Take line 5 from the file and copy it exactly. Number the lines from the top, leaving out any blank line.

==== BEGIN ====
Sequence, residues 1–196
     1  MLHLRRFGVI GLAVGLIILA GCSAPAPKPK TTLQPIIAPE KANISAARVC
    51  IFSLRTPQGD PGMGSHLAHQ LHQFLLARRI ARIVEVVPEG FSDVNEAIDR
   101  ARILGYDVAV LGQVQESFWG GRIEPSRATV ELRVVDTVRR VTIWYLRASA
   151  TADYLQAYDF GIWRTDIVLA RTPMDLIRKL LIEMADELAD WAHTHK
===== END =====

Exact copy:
   151  TADYLQAYDF GIWRTDIVLA RTPMDLIRKL LIEMADELAD WAHTHK